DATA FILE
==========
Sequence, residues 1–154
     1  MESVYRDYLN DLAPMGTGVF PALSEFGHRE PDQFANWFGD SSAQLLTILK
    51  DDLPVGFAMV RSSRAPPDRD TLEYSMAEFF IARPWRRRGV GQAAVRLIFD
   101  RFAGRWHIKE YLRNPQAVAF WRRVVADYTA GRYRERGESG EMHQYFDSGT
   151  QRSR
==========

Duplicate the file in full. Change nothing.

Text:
Sequence, residues 1–154
     1  MESVYRDYLN DLAPMGTGVF PALSEFGHRE PDQFANWFGD SSAQLLTILK
    51  DDLPVGFAMV RSSRAPPDRD TLEYSMAEFF IARPWRRRGV GQAAVRLIFD
   101  RFAGRWHIKE YLRNPQAVAF WRRVVADYTA GRYRERGESG EMHQYFDSGT
   151  QRSR